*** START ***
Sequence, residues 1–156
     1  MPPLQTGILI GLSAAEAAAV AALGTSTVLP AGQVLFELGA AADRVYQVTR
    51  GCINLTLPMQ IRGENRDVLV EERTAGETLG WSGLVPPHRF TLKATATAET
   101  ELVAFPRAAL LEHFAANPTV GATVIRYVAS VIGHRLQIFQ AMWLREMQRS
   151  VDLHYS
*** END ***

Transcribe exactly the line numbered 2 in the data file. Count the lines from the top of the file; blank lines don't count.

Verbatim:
     1  MPPLQTGILI GLSAAEAAAV AALGTSTVLP AGQVLFELGA AADRVYQVTR